Delas Ventoux Red 2017The Story

The Delas Ventoux Red 2017 is a blend of 80% Grenache and 20% Syrah (this is a blend that is produced every year and there can be minor variations in the blend from vintage to vintage) sourced from vineyards in and around the villages of Mazon and Goult in the Ventoux region of the Southern Rhone Valley in southeast France. The producing winery is Delas Frères, they were founded in 1835, though they are currently owned by Maison Louis Roederer. This is an AOC wine which is the highest designation for French wine meaning this Red blend conformed to all the rules and regulations for the vineyards and the winery. The Delas Ventoux lists for $11 and I found it on sale for $6.99, it also received 90 points by a leading wine magazine.

Grenache and Syrah are the 2 main grapes of the Southern Rhone Valley (the Northern Rhone specializes in Syrah and wines are usually more expensive) which are blended along with a few other approved grapes, Mourvedre being the most widely used. The Delas is fermented and aged in stainless steel vats, no oak is used. The Grenache and Syrah are fermented separately and blended at the end of the process. In an interesting note, the Syrah is often not de-stemmed before crushing and for fermentation, those extra bits add to the overall flavor. The alcohol content is 14%.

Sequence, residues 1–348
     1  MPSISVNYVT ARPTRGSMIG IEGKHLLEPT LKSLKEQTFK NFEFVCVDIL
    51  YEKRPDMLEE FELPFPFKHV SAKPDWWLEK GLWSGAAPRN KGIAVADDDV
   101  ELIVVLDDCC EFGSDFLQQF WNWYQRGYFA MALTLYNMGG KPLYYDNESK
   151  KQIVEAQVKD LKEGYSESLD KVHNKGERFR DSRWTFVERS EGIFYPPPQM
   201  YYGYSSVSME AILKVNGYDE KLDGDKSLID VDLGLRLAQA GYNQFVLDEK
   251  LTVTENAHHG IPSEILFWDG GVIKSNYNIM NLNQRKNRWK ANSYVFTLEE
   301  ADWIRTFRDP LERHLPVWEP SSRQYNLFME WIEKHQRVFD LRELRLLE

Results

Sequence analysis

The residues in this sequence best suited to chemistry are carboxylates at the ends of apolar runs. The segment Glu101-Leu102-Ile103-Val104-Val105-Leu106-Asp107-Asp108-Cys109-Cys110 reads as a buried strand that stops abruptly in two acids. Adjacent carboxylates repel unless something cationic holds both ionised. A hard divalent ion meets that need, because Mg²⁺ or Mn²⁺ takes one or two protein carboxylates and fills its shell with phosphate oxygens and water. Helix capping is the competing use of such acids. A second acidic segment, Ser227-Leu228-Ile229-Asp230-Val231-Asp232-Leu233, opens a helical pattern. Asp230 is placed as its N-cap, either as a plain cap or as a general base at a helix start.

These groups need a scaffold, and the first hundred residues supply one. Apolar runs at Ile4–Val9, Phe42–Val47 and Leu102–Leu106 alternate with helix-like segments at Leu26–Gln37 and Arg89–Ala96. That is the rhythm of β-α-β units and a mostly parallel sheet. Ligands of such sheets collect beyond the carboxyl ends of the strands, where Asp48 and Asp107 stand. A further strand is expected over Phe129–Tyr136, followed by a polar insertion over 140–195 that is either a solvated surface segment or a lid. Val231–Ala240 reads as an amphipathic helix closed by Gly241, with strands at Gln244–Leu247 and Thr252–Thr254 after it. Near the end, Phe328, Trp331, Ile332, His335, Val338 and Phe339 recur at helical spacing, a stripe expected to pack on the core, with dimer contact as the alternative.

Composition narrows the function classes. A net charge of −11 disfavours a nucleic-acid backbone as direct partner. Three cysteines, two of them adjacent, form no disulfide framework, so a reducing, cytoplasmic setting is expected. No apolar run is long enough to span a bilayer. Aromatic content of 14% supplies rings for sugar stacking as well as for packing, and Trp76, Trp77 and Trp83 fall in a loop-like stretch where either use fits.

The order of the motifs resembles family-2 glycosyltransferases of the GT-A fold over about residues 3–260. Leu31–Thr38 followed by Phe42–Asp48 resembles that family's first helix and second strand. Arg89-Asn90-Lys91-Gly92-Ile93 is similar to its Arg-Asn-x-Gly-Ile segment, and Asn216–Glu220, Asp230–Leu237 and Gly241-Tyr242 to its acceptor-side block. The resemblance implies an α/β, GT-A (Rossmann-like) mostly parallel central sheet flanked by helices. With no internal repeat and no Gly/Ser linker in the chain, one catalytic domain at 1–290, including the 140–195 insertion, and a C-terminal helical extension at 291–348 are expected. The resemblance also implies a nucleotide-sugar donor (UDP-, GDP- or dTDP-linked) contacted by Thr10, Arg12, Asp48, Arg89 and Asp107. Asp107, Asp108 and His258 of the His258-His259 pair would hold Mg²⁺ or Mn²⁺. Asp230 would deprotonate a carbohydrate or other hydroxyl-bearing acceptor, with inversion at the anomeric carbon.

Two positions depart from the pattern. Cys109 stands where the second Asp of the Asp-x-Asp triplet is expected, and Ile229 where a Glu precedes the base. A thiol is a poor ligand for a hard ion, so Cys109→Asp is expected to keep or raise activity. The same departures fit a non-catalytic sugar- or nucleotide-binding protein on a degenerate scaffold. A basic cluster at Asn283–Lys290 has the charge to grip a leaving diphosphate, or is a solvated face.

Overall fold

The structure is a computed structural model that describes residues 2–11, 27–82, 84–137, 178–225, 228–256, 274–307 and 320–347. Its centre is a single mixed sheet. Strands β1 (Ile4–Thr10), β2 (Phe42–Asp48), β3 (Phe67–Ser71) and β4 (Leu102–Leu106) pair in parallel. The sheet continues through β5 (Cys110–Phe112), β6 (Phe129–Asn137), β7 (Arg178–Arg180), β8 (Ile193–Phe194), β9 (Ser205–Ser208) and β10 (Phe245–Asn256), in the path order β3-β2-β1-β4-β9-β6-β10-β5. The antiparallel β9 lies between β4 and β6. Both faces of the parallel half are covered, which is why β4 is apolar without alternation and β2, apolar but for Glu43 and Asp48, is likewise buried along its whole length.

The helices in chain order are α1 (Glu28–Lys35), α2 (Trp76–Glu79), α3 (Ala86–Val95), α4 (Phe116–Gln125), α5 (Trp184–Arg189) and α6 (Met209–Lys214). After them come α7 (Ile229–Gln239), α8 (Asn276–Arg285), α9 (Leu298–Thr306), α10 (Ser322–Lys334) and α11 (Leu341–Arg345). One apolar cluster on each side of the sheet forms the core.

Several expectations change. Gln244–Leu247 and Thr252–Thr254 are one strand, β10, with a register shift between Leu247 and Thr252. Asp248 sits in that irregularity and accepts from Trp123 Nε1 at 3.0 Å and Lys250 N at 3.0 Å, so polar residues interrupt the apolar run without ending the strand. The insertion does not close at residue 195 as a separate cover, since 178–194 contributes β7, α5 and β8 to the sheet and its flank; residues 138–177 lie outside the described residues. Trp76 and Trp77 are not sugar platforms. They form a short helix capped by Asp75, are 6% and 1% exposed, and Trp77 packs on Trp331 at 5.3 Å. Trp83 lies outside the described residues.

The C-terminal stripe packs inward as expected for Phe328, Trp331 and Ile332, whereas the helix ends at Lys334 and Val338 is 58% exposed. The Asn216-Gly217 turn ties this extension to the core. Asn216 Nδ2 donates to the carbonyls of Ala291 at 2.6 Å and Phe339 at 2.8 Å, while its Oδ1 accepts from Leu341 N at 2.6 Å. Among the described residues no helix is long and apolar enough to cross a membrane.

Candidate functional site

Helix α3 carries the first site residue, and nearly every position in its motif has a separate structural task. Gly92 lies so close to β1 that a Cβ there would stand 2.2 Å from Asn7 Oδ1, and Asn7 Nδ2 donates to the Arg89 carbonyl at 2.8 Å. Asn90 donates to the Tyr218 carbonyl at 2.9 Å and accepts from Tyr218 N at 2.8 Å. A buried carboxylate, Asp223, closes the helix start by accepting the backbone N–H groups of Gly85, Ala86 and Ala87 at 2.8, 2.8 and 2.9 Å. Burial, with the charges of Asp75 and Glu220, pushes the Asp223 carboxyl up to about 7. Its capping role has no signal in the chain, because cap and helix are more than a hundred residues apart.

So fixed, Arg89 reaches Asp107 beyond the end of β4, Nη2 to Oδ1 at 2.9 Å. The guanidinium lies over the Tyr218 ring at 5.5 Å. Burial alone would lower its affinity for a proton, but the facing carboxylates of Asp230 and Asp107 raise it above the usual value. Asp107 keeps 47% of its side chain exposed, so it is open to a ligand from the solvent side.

The Tasting Notes

The color is a nice dark shade of purple. The nose is not shy, rich, bright fruit, blackberries, baking spice, raspberry, slightly smokey, with a scent of root beer, of all things. What I love about Rhone Valley blends is the interplay between the Grenache and the Syrah, the Grenache can be lean and intense, while the Syrah is plump, juicy and a little spicey, and here all that is in play. It tastes of blackberry, black pepper, a little Dr. Pepper, and licorice. The mid-palate adds dried strawberry, a slap of spice, cranberry, with the tannins providing a sharp edge to tie everything together. The finish is subtle but lasts.

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The Summary

  • If you know Red blends mainly from the wines of California and Washington, the Rhone Valley is an excellent place to start to explore French Reds. While American blends in this price range and juicy flavor first and then structure, the Rhone valley blends put structure upfront while not skimping on fruit flavors. I think they are a very accessible entryway into French style wines, they are different, but not too different.
  • Drink-it-now wines need not be expensive to be tasty, even French drink-it-now wines.
About the Author
Don’t tell anyone, but there is absolutely no correlation between the cost of wine and the quality of wine.